CodeIgniter: Two Ways of Writing Arrays

There are two ways of writing arrays in PHP. We will use CodeIgniter in this example. Since CodeIgniter is a MVC framework, we will look at code in models. Assuming that a form is being submitted, and data is saved to the database. In this example, we will use a function called ‘add_entry.’

The add entry function is empty at the moment.

function add_entry() {
}

We will now add post data to our function. In this example, we will use the ‘url’ and ‘anchor’ fields. To sanitize, we set both values to TRUE. We assign it to a variable called $data in an array.

function add_entry() {
$data->url = $this->input->post(‘url’,true);
$data->anchor = $this->input->post(‘anchor’,true);
}

We will now insert data to a database table called ‘bookmarks.’

function add_entry() {
$data->url = $this->input->post(‘url’,true);
$data->anchor = $this->input->post(‘anchor’,true);
$this->db->insert(‘bookmarks’, $data);
}

The other way of writing an array is this:

function add_entry() {
$data = array(
‘url’ => $this->input->post(‘url’,true),
‘anchor’ => $this->input->post(‘anchor’,true));
$this->db->insert(‘bookmarks’, $data);
}

Essentially, both are the same. Somehow, I prefer the second. It seems cleaner somehow. It seems like, I only have to deal with a single variable called $data. What’s your preferred method?

Differences Between CodeIgniter 1.7.2 and 2.0.0

It has been a year since I last touched CodeIgniter. At that time, I was working with version 1.7.2. Wanting to get back into it, I revisited the CodeIgniter website last week, and I learned that there is a new version of CodeIgniter, version 2.0.0. Last year, I created three personal projects that helped me learn how CodeIgniter works, as well as learn how MVC frameworks work in general.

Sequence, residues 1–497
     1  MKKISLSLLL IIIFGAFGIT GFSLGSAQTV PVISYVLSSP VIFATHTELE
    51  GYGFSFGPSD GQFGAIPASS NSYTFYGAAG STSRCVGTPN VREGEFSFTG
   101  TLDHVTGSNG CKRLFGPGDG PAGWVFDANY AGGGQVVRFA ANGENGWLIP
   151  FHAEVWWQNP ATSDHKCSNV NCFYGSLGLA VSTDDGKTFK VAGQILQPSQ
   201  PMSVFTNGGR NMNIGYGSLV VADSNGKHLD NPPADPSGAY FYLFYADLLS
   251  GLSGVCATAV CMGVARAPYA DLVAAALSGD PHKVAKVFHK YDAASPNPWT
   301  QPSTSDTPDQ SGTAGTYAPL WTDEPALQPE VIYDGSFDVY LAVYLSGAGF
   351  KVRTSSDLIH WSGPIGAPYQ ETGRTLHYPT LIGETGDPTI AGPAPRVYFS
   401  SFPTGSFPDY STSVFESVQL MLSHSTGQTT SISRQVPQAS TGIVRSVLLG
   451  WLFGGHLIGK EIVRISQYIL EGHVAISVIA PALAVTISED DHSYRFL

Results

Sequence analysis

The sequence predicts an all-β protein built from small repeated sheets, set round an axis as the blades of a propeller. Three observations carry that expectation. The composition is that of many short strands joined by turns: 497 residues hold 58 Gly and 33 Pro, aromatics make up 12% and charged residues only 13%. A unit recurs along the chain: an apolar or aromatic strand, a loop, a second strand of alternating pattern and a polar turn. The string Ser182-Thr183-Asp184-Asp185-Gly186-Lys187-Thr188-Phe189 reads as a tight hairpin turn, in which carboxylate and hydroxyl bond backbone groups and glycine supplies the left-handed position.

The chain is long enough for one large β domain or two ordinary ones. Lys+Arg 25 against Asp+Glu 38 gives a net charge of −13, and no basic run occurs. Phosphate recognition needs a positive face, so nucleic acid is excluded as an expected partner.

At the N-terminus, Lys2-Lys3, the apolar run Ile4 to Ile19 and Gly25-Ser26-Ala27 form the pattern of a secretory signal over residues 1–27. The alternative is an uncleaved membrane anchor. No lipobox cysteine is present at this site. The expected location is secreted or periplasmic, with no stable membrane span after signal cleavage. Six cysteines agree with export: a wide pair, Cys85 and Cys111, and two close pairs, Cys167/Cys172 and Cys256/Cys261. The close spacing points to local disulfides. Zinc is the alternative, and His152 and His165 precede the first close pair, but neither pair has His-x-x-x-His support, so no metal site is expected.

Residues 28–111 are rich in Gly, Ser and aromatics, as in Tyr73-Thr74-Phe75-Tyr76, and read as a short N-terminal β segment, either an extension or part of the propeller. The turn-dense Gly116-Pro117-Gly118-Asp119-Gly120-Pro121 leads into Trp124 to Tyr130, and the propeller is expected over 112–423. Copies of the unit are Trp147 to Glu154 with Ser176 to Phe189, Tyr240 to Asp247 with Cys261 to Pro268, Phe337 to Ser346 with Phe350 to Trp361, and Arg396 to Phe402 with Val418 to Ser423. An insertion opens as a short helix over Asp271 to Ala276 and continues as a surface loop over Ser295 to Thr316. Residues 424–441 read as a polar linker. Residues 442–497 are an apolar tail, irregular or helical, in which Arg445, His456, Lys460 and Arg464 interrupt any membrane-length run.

I downloaded the latest version of CodeIgniter hoping that I should be able to move my old projects into the new version of CodeIgniter. Needless to say, the move was unsuccessful. I found out there are some significant changes to how CodeIgniter controllers and models are constructed between version 1.7.2 and 2.0.0. I should mention also, that there was a version in between that was released, version 1.7.3.

Here are the major differences in the way controllers and models are constructed between version 1.7.2 and version 2.0.0. In both cases, I’m using class constructors.

Version 1.7.2

Controllers

class Contact extends Controller {
  function Contact() {
    parent::Controller();
  }
}

Models

class Contact_model extends Model {
  function Contact_model() {
    parent::Model();
  }
}

Version 2.0.0

Controllers

class Contact extends CI_Controller {
  function __construct() {
    parent::__construct();
  }
}

Models

class Contact_model extends CI_Model {
  function __construct() {
    parent::__contruct();
  }
}

I might add, there are other changes I haven’t even mentioned. The biggest change is the removal of PHP 4 support. Version 2.0.0 requires PHP 5.1.6. Scaffolding is deprecated. Plugins have been removed in favor of Helpers, and few more.